The idea of showing these characters as a group who were once together in school in Muzaffarnagar developed over time. Muzaffarnagar is, of course, a town of clear and aggressively-maintained social boundaries. I’m not exaggerating when I say that schools are the only places where real intermingling happens. The thematic unity in the collection is to be found in this fact. I realised that I wanted to write about young people of a similar socio-economic background, basically from upper-caste, middle-class families – people who have had some recent success, who have made a life in the big cities, and who have escaped the scarcity of money.
But much of these characters’ refinement and liberal tendencies, which make them socially acceptable in their circles, are due to their having studied in certain schools and having had the chance to intermingle with others. What if that education was paid for by financially struggling parents who were, and still remain, deeply prejudiced against the same others? There is this reality, and also the always-lingering memory of scarcity. What becomes of filial responsibility for such people? How long are their liberal gesticulations going to stick? What impact will these things have on their future relationships? These are the questions that, I believe, some of the stories bring to light.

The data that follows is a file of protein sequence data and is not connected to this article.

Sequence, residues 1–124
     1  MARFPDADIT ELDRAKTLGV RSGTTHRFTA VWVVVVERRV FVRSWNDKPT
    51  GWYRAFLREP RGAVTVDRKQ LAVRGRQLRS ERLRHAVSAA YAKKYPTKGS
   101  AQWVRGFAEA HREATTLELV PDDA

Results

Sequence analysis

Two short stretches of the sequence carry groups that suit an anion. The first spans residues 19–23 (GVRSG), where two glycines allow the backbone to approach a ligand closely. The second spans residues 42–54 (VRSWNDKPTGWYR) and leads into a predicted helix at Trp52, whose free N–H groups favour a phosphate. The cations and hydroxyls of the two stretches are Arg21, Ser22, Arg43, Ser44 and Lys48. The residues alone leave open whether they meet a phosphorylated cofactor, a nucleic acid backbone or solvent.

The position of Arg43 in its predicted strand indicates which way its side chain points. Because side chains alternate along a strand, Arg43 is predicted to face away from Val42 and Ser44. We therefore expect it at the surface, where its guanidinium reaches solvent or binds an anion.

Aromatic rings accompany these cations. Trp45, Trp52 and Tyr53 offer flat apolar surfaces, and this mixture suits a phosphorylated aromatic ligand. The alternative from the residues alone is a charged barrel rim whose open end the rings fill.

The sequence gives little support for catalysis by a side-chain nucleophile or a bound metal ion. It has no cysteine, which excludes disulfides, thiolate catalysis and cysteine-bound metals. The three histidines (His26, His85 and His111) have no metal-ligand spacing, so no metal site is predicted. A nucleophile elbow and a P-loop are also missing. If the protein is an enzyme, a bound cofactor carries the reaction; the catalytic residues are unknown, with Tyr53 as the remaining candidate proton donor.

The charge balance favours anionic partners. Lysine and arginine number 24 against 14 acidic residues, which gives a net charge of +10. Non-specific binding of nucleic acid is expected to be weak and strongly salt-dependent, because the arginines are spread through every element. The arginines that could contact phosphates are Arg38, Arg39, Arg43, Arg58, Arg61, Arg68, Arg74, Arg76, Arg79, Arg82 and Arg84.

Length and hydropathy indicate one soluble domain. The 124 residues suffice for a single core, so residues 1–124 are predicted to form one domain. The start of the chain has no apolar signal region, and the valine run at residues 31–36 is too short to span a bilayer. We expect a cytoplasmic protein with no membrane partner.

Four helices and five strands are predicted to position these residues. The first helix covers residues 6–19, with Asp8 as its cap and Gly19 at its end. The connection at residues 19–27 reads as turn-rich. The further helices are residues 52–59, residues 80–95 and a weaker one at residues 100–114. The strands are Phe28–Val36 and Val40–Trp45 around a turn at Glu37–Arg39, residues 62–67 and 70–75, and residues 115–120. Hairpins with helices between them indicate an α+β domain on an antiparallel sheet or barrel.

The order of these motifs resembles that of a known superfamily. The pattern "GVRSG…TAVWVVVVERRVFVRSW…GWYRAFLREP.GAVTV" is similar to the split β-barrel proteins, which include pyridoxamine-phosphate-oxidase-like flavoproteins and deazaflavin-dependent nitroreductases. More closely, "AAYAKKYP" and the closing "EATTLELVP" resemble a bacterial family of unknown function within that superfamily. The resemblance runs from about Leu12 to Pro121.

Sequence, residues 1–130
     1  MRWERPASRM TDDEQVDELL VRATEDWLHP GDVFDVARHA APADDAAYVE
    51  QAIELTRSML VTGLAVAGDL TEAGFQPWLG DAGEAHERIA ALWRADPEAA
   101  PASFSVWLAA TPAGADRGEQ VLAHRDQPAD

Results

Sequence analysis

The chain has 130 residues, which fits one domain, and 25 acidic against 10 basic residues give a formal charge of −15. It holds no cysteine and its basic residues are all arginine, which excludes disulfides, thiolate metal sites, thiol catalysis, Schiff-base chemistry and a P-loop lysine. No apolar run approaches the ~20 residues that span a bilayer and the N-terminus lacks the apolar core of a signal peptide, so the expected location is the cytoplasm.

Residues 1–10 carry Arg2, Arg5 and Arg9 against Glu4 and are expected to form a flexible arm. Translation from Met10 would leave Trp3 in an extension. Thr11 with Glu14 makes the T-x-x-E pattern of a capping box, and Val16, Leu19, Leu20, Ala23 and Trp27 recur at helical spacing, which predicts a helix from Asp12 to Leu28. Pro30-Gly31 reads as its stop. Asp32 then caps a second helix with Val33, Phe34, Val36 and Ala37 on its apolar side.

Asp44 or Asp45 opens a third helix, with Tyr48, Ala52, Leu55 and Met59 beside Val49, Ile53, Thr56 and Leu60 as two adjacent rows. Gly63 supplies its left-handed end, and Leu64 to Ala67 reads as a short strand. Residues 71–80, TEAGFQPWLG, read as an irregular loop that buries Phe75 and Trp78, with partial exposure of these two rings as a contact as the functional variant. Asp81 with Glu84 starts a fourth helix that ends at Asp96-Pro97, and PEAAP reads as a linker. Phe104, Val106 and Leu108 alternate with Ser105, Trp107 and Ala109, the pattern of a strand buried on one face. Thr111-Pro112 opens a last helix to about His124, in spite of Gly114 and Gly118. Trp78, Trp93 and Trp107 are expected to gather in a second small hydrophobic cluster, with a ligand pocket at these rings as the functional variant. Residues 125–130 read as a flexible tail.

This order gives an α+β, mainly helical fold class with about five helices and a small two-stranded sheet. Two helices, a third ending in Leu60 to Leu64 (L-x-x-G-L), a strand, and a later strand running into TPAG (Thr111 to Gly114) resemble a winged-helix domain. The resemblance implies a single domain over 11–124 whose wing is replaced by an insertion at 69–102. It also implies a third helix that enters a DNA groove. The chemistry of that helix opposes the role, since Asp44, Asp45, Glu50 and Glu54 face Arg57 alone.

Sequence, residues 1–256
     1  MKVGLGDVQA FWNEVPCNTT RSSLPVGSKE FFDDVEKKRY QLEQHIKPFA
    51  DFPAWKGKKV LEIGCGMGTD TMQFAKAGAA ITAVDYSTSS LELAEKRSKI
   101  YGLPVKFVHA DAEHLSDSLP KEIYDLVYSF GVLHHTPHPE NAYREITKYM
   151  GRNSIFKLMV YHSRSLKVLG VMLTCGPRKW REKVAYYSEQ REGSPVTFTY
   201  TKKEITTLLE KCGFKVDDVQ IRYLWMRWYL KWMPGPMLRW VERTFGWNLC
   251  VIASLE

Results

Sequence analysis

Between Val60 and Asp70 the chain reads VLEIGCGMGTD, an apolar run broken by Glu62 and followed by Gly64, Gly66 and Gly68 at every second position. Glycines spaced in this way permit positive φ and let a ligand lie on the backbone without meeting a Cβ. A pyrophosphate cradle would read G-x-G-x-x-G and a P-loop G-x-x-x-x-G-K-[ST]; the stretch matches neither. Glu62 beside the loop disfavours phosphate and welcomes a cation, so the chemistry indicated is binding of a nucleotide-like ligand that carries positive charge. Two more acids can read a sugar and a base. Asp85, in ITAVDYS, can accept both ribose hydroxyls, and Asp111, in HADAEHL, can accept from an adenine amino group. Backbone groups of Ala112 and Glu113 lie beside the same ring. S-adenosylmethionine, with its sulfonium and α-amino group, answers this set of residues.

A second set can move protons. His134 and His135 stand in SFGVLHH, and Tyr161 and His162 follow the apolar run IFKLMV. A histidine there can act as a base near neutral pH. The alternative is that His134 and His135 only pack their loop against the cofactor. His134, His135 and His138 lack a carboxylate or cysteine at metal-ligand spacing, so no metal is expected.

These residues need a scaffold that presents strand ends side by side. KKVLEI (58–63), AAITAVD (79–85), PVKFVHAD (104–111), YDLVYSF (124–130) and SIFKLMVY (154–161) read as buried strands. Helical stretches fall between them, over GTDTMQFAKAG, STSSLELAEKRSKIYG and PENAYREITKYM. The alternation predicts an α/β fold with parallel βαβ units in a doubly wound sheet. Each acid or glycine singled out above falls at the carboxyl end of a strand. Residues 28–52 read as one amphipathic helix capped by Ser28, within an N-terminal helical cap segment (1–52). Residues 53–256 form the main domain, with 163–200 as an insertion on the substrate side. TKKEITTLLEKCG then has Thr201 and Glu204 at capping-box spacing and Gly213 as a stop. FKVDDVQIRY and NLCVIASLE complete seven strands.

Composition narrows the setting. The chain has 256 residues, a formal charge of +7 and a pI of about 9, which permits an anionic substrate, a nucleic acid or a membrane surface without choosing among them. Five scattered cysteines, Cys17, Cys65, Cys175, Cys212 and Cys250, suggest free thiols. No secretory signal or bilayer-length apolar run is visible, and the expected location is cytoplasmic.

In his blurb for your collection, Prayaag Akbar says it ‘puts to the sword patronising myths about small town India’. I completely agree, and to me, nowhere is this more apparent than in the stories ‘Good People’, ‘The Mechanics of Silence’, and ‘Compassionate Grounds’, where you explore gender through the lives of three very different women protagonists.